Thursday, February 6, 2014

Holly's Blues

by Margaret Flint Suter
Better to go lightly on that page
It has shattered glass
Among the ruined grass.
Move along in quick time
Past the pain markers --
Crimson dripped on navy.
Go lightly past the sparkling gems
That mirror failure
In multi-faceted mockery.
Toast to trials, hold your glass high
Beneath the fire escape, a mask worn on each landing
A life re-made at every turn.
Go lightly down that avenue
Where Holly's hurt spread thick fingers
Into heartache and split the muscle open.
Wait in the rain
For a cat that must return
Call into the alleys along the dream street.
Lift the lids on all the dumpsters stinking of despair
All the while sniffing hope
Under the coffee grounds.
Listen for the voice
Of cat calling
In return to Holly's blues.
Listen as his voice fades
Beneath the storm
While Holly weeps.
Weeps among the alley ends
Until she crumples
Mean reds flaring around her basic black life.
Touch the color of Holly's blues
Feel her sorrow
In pulse of neon.
Rain sibilant
Against your ear
Hold Holly while she weeps.

©Copyright 2007-2014 Margaret Flint Suter. All Rights Reserved.
Based on the book Breakfast at Tiffany's by Truman Capote and the Hollywood film starring Audrey Hepburn and George Peppard.

Read more works by Margaret Flint Suter

"Bone Music"
Published in the November 2011 issue of Underneath the Juniper Tree.

"Sweetest Halloween"
Published in the October 2013 issue of Underneath the Juniper Tree

"Lavender and Lilac: 'Til Death Do Us Part"
Published in the December 2013 issue of Underneath the Juniper Tree

"Balthasar's Box"
Second Place winner, Poemeleon Poetry Journal

"Redemption Box"
Runner Up, Poemeleon Poetry Journal
Bio: Margaret Flint Suter served her country in the U.S. Navy as a cryptologic technician. She now serves up tantalizing stories and poems to her many readers -- both children and adults. A doting mother and grandmother, Suter embraces many worthy causes that contribute to the betterment of humanity.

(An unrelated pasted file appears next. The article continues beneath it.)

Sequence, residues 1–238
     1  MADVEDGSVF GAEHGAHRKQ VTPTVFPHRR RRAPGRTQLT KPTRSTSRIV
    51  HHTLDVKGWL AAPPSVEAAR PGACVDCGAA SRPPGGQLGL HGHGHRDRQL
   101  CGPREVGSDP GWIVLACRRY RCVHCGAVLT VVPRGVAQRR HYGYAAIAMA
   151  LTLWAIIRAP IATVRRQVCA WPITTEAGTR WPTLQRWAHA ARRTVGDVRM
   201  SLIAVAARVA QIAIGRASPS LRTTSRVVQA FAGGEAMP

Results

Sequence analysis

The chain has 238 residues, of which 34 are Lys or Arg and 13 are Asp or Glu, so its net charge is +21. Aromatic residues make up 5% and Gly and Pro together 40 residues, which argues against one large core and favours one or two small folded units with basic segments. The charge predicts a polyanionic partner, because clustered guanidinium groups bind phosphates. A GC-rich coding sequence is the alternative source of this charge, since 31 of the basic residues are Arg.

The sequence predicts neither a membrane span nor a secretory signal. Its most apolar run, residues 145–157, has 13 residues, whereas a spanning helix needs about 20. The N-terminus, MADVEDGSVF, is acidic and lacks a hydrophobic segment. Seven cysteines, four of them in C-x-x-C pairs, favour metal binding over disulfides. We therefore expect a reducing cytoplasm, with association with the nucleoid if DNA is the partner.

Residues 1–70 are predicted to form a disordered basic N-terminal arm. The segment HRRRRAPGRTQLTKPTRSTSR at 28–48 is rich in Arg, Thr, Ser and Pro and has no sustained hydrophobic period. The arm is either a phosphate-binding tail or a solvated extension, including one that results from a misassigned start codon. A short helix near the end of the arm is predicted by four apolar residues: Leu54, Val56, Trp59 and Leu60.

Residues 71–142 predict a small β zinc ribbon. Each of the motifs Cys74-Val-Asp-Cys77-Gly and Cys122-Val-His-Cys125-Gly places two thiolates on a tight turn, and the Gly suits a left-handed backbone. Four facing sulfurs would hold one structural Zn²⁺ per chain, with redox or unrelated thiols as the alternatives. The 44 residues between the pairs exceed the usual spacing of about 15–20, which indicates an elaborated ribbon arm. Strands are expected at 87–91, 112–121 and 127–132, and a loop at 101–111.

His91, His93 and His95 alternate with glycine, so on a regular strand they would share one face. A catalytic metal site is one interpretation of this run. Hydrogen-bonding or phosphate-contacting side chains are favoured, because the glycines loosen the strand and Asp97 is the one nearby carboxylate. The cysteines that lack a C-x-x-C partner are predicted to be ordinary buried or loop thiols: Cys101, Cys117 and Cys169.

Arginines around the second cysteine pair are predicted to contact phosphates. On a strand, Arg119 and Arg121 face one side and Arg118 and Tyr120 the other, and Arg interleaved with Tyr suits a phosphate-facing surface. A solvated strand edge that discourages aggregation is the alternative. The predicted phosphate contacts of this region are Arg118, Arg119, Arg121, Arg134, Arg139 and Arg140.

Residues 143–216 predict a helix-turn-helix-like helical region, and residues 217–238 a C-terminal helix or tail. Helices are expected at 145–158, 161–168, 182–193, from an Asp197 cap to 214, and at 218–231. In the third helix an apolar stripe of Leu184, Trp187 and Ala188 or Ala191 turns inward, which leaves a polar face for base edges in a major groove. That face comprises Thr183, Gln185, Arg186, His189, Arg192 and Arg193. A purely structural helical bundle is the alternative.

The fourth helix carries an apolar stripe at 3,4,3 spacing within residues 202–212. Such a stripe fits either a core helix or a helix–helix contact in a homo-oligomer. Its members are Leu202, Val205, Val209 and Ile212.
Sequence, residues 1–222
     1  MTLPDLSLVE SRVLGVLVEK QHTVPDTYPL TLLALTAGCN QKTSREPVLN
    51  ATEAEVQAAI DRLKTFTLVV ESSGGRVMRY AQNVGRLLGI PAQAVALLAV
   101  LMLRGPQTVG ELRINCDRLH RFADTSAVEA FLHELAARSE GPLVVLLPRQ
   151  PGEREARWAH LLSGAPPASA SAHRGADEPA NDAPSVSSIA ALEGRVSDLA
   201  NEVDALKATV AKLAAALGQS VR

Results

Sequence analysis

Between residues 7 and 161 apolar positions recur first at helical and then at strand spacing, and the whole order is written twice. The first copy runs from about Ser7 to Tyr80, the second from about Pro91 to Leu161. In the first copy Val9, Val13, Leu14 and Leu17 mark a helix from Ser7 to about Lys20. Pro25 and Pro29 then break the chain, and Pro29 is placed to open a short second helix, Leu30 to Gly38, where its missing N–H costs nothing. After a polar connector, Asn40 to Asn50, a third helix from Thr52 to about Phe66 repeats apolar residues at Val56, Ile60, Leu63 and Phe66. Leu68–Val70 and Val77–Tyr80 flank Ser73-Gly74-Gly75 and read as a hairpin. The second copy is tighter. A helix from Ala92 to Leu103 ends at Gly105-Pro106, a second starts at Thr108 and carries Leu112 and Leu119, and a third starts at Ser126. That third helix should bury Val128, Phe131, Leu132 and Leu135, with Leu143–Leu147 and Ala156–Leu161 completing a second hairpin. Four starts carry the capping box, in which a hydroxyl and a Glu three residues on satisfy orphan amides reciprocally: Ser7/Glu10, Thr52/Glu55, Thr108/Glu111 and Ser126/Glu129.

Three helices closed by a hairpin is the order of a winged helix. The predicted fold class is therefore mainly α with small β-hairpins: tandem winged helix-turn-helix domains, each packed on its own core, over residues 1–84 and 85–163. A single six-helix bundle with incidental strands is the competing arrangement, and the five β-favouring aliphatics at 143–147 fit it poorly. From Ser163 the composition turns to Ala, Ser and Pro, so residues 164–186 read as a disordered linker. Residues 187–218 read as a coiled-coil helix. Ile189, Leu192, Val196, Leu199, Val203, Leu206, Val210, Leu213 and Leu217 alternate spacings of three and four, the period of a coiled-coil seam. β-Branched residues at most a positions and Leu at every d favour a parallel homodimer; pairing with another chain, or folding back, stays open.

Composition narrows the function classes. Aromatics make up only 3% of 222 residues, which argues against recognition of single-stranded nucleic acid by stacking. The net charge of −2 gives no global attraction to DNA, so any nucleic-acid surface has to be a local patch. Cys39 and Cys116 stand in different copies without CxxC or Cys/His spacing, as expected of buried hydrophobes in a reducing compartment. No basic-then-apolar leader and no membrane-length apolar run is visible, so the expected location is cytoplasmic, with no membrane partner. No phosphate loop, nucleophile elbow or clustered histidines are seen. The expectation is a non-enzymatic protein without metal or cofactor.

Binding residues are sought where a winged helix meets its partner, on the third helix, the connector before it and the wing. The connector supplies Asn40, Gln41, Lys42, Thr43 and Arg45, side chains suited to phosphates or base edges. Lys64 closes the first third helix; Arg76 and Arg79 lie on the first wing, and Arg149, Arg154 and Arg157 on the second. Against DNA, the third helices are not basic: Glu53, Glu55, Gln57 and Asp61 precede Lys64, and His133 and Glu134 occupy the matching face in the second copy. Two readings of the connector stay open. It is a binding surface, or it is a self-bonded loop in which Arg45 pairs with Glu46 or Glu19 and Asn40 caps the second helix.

Monday, February 3, 2014

THE TRAIL'S END - The Story of Bonnie and Clyde

written by gangster Bonnie Parker
You've read the story of Jesse James
of how he lived and died.
If you're still in need
of something to read,
here's the story of Bonnie and Clyde.
Now Bonnie and Clyde are the Barrow gang.
I'm sure you all have read
how they rob and steal;
and those who squeal,
are usually found dying and dead.
There's lots of untruths to these write-ups.
They're not as ruthless as that.
Their nature is raw;
they hate all the law,
the stool pigeons, spotters, and rats.
They call them cold-blooded killers.
They say they are heartless and mean.
But I say this with pride
that I once knew Clyde,
when he was honest and upright and clean.
But the law fooled around;
kept taking him down,
and locking him up in a cell.
'Til he said to me:
'I'll never be free,
so I'll meet a few of them in hell."
The road was so dimly lighted
there were no highway signs to guide.
But they made up their minds;
if all roads were blind,
they wouldn't give up 'til they died.
The road gets dimmer and dimmer.
Sometimes you can hardly see.
But it's fight man to man
and do all you can,
for they know they can never be free.
From heartbreak some people have suffered.
From weariness some people have died.
But take it all in all;
Our troubles are small,
'til we get like Bonnie and Clyde.
If a policeman is killed in Dallas
and they have no clue or guide,
if they can't find a fiend,
they just wipe their slate clean
and hang it on Bonnie and Clyde.
There's two crimes committed in America
not accredited to the Barrow mob.
They had no hand;
in the kidnap demand,
nor the Kansas City Depot job.
A newsboy once said to his buddy:
'I wish old Clyde would get jumped.
In these awful hard times,
we'd make a few dimes,
if five or six cops would get bumped.'
The police haven't got the report yet
but Clyde called me up today.
He said, 'Don't start any fights;
we aren't working nights,
we're joining the NRA.'
From Irving to West Dallas viaduct
is known as the Great Divide,
where the women are kin,
and the men are men,
and they won't 'stool' on Bonnie and Clyde.
If they try to act like citizens
and rent them a nice little flat,
about the third night,
they're invited to fight,
by a sub-gun's rat-tat-tat.
They don't think they're too smart or desperate,
they know that the law always wins.
They've been shot at before;
but they do not ignore
that death is the wages of sin.
Some day they'll go down together.
They'll bury them side by side.
To few it'll be grief,
to the law a relief,
but it's death for Bonnie and Clyde.
Bio:  Bonnie Parker was born on October 1, 1910 in Rowena, Texas. She met ex-con Clyde Barrow in January 1930 while working as a waitress. The pair instantly fell in love. Bonnie followed Clyde on a 21-month crime spree across Texas, Oklahoma, New Mexico, and Missouri, which ended in a deadly massacre at Gibsland, Louisiana on May 23, 1934.